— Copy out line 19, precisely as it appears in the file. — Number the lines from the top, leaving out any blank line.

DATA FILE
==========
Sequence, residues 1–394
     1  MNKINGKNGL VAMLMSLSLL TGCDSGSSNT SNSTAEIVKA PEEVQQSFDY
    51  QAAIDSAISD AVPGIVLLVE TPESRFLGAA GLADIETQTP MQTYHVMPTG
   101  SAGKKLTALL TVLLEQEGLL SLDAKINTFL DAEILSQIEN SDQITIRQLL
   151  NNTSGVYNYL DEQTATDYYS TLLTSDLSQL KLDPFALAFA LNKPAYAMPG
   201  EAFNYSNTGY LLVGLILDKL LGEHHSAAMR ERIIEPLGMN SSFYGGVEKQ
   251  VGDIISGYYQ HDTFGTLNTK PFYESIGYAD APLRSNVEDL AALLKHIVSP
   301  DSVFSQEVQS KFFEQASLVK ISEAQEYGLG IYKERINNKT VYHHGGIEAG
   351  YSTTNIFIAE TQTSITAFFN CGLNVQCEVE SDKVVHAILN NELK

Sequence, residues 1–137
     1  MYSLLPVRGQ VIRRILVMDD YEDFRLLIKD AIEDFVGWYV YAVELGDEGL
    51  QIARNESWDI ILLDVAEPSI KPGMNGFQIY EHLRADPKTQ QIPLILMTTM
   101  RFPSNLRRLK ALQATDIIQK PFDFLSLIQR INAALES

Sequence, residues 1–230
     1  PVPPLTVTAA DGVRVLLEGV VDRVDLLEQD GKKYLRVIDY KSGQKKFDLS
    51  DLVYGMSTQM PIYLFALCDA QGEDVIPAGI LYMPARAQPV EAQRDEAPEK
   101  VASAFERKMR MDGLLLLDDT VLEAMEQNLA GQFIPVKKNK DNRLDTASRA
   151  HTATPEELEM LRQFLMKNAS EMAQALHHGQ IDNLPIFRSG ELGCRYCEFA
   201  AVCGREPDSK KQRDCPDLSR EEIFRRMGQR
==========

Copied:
   201  AVCGREPDSK KQRDCPDLSR EEIFRRMGQR